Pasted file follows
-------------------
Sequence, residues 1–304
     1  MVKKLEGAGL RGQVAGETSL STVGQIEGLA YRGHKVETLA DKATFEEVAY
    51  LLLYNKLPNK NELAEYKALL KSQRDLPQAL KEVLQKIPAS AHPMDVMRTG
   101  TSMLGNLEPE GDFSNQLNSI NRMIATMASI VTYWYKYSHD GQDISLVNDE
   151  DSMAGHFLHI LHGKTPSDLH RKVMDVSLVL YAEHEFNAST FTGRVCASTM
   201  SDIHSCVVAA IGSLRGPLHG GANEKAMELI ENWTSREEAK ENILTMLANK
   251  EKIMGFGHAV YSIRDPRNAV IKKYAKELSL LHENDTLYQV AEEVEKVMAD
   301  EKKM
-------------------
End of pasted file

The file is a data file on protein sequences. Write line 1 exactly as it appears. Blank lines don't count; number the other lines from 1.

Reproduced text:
Sequence, residues 1–304